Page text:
Finally, there was the raw footage of our Super Mario Bros fan film starring my friend Drake Piper. None of the footage had previously been transferred, but there was enough footage to finally edit together the complete film, which I have now finished and will post in a follow-up.
The excitement of finding “new” footage and even video that had been transferred years in marginally better quality has pushed me further down the path of re-editing a number of original Skeeter Bite shorts that suffered from resolution, aspect ratio and editing issues.
Aside from the Super Mario fan film, I’m re-editing for the final time a number of “Adventures in Hot Springs” shorts. Furthermore, several of those shorts will be edited into a feature-length “The Week in Hot Springs” movie that uses text cards to flesh out the overarching story and context between scenes as originally intended.
That will launch alongside SKEETER BITE 15, an autobiographical documentary outlining 15 years of storytelling, from a comic strip called Gibbers in 2002 to Never Been to Graceland in 2017. This documentary will allow me to showcase some of the other recovered footage, highlight behind the scenes video and images, and overall provide some much-needed context.
Back in 2007, I started a list to keep track of all the projects and ideas I’d had up to that point. Ten years later, I decided to sit down and – using a bit more strict criteria – tally up all the projects that had 1) actually come completely to fruition & was released, 2) had either reached a full script or was substantially completed, or 3) directly led to another project that fit the other two criteria. Using this criteria, and including the forthcoming “The Week in Hot Springs” movie, Skeeter Bite 15 will mark the 100th major creative project I’ve undertaken.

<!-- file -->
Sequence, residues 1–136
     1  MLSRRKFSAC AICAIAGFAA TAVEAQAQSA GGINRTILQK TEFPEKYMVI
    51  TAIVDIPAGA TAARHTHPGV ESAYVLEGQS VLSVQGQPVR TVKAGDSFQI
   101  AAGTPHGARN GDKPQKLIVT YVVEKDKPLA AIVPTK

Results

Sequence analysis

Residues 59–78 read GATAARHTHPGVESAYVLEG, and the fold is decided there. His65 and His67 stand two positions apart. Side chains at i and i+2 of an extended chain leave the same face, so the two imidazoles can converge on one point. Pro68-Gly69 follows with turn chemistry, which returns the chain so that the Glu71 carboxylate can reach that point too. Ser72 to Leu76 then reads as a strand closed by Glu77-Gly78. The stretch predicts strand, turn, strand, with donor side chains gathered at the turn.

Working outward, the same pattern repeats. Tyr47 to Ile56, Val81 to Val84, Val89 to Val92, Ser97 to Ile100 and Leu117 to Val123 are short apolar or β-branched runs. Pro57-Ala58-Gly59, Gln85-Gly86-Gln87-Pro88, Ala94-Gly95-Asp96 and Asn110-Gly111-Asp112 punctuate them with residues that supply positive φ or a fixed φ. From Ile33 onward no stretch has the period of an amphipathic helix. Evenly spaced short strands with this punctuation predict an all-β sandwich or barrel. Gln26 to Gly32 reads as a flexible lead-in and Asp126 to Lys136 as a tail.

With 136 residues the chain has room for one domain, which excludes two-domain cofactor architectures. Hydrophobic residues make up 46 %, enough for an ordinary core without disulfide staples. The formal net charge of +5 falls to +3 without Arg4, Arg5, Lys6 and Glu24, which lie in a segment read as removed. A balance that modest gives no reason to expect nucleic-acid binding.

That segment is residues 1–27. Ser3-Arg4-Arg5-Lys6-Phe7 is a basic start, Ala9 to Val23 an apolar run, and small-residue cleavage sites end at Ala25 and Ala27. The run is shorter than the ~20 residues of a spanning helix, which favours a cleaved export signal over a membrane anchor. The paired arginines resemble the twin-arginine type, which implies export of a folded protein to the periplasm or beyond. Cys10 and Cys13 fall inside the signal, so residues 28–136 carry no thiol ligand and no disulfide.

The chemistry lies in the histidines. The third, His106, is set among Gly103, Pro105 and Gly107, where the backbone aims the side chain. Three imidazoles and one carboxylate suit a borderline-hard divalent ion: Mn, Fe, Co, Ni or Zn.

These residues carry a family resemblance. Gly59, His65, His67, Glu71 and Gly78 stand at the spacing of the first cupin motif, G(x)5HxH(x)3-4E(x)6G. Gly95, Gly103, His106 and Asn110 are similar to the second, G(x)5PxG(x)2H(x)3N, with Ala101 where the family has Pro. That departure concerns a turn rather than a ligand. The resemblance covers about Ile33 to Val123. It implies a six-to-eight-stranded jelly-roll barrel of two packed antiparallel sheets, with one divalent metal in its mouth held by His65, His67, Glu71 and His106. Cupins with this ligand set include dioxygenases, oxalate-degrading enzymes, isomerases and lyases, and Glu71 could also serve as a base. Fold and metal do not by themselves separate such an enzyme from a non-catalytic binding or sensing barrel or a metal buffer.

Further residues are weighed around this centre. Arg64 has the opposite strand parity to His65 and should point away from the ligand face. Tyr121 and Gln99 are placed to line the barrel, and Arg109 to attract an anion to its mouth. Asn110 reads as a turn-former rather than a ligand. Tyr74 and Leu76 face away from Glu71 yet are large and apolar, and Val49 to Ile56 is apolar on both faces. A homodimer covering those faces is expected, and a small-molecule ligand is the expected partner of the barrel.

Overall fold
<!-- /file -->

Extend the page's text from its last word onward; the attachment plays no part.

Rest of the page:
While Never Been to Graceland is wrapping up post-production before the big premiere in August, there’s really not much left to do on that end, so I’ve spent the last month and a half wringing my hands out of sheer boredom.
Finally, I couldn’t take any more (and neither could Deana, who has to put up with my fidgeting on a nightly basis) so I have decided that Summer 2017 will be a summer of Skeeter Bite Shorts.